2016 Birdie Book Award Winner
“I have limited experience, but I know this: moments of connection with another human being are patently rare. But rarer still are those who can recognize such a connection when they see one.”
Let’s be honest, there’s a good chance I wouldn’t have heard of Mosquitoland if it hadn’t been for all the hype surrounding Kids of Appetite. I’m not trying to minimize the impact of this one, just saying how I think (outside the blogging world) it’s a relatively lesser known novel. I’d never heard of it before joining WordPress and starting Birdie Bookworm. (To be fair, I hadn’t heard of Kids of Appetite either.) Regardless, the discovery of Mosquitoland is in the plus column for reasons why I’m glad I’m blogging.
First, and most important, I really loved Mim. Only time will tell, but I think the quirkiness of her character will stay with me long after I’ve reshelved this book. She was a really refreshing character, one that said exactly what she was thinking. One who wasn’t afraid of telling a doctor when she thought he was a quack. Or letting the creepy guy know when she’s giving him all the social ques that scream ‘I don’t want to talk to you’. She is only 16 so there was a lot of self-doubt happening, but what I read was a young woman who knew exactly who she was and made no apology for it. I think she was kind. She was brave. I’ve said it before, but in a literary world where girls can be written as carbon copies of each other Mim stood above the rest in her utter uniqueness.
I also loved the journey she was on. I loved the characters she met, even the brief ones like Arlene. I really loved Mim’s protectiveness for Walt. (Because I agree with Mim, Walt was so wonderful.) I know others may not agree, but I even loved the relationship that slowly developed between Mim and Beck. I thought it was perfect, the way it was set up. The evolution of feelings that, even at the end, still only felt like the beginning. With four years between them, it was exactly as it should have been. It left the readers with the idea of possibility, but the reality of time. Beck was a gentleman, and he was kind. (He makes me want that sequel, because in my heart of hearts I’m a romantic first.)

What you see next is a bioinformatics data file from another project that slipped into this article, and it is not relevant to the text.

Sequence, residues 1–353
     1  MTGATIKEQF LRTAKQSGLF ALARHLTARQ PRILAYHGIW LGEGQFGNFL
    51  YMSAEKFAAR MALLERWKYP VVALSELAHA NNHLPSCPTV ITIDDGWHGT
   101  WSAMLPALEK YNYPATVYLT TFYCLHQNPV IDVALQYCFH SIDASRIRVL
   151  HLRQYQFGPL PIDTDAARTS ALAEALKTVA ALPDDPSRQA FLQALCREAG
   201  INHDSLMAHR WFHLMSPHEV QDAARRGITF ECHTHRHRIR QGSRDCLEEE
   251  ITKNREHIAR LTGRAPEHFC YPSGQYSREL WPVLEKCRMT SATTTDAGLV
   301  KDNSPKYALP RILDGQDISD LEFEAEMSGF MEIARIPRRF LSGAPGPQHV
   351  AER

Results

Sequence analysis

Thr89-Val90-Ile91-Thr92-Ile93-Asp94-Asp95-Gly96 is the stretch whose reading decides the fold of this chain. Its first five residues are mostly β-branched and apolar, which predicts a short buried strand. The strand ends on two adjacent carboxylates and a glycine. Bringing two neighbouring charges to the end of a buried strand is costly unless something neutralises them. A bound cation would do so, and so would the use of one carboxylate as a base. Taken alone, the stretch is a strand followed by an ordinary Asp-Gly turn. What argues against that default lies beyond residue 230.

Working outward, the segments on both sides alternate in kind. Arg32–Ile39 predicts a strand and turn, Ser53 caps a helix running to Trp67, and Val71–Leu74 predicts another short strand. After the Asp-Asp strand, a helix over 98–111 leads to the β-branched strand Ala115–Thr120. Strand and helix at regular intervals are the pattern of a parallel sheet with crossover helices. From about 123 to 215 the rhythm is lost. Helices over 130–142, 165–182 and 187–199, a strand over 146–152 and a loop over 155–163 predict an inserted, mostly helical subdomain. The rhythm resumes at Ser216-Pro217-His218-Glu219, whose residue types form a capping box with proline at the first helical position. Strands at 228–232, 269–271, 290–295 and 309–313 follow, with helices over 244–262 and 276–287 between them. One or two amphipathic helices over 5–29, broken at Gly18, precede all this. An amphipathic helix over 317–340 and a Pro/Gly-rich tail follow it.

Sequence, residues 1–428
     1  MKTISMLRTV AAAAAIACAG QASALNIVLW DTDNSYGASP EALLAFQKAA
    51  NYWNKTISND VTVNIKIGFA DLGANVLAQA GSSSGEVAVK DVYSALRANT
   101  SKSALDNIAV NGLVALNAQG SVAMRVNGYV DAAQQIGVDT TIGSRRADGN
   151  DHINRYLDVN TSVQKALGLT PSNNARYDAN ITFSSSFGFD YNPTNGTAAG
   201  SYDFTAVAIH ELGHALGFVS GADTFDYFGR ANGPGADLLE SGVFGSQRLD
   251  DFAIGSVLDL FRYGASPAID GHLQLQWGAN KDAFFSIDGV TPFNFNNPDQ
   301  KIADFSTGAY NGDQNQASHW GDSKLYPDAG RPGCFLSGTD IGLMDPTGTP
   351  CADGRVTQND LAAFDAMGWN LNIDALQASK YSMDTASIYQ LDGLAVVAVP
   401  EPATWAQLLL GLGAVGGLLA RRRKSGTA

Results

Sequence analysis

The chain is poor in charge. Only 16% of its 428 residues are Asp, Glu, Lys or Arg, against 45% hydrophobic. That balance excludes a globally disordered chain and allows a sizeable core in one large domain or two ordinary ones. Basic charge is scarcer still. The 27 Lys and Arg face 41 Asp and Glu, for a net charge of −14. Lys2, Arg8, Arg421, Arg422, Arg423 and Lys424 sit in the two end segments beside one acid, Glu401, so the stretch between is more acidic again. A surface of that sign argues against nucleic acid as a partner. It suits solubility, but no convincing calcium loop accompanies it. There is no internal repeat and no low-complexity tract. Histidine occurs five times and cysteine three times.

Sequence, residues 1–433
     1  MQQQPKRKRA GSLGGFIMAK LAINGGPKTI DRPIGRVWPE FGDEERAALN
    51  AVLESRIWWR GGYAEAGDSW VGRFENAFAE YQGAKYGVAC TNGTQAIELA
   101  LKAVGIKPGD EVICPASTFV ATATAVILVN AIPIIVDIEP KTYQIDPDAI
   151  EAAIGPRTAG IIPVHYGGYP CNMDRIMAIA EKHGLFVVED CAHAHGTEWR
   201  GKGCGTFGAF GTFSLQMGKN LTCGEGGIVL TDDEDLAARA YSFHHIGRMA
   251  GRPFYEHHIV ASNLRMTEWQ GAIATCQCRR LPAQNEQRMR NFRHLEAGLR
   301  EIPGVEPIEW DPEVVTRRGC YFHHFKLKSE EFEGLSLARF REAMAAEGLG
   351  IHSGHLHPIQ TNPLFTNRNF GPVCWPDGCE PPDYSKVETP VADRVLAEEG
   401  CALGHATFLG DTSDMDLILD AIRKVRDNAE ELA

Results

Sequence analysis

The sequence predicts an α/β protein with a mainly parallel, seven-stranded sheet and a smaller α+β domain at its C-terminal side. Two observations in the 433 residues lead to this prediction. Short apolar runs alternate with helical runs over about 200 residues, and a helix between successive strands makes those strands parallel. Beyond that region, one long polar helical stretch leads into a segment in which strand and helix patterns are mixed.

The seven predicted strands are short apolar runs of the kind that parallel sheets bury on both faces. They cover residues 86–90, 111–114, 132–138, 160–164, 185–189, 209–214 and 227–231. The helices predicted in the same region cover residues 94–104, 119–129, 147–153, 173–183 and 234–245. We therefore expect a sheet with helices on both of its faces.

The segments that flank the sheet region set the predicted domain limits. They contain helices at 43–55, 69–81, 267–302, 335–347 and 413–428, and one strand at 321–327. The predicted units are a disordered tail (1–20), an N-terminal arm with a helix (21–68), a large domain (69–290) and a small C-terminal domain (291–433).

Which brings us to the end. I feel like there’s probably some people who are a little miffed at the way the story seemed to taper off. Will Mim be at the rendezvouski in a year? If she goes will she be the only one there? What happens with Mim and her family?
I actually loved it. It didn’t feel as abrupt as other books I’ve loved -ahem, Eleanor & Park. It gave just enough to the reader, pointing us in the direction of a happy ending without actually spelling out exactly how everything unfolded. I know I mentioned a sequel, but I don’t think there will be one. And it’s okay. I’ve created the sequel in my head, and it’s absolutely perfect. My own imagination is bringing it home, and I think that’s what David Arnold wanted.
While I did only rate Mosquitoland 4 feathers, there wasn’t a specific thing I can point at to explain the lack of the last feather. I think it was an overall feeling when I closed the book. Did I love this book? Obviously I did.
If you want to get really technical, it’s 4 1/2 feathers, but my sister didn’t draw those. Blame her.
(Random thought: For some strange reason reading the Q&A with David Arnold at the back of the book made me cry. I have no idea why.)
“And I’m sick of things the way they are, my many oddities, my limited depth perception, as if it’s not bad enough I only see half the world, but it always seems to be the wrong half.”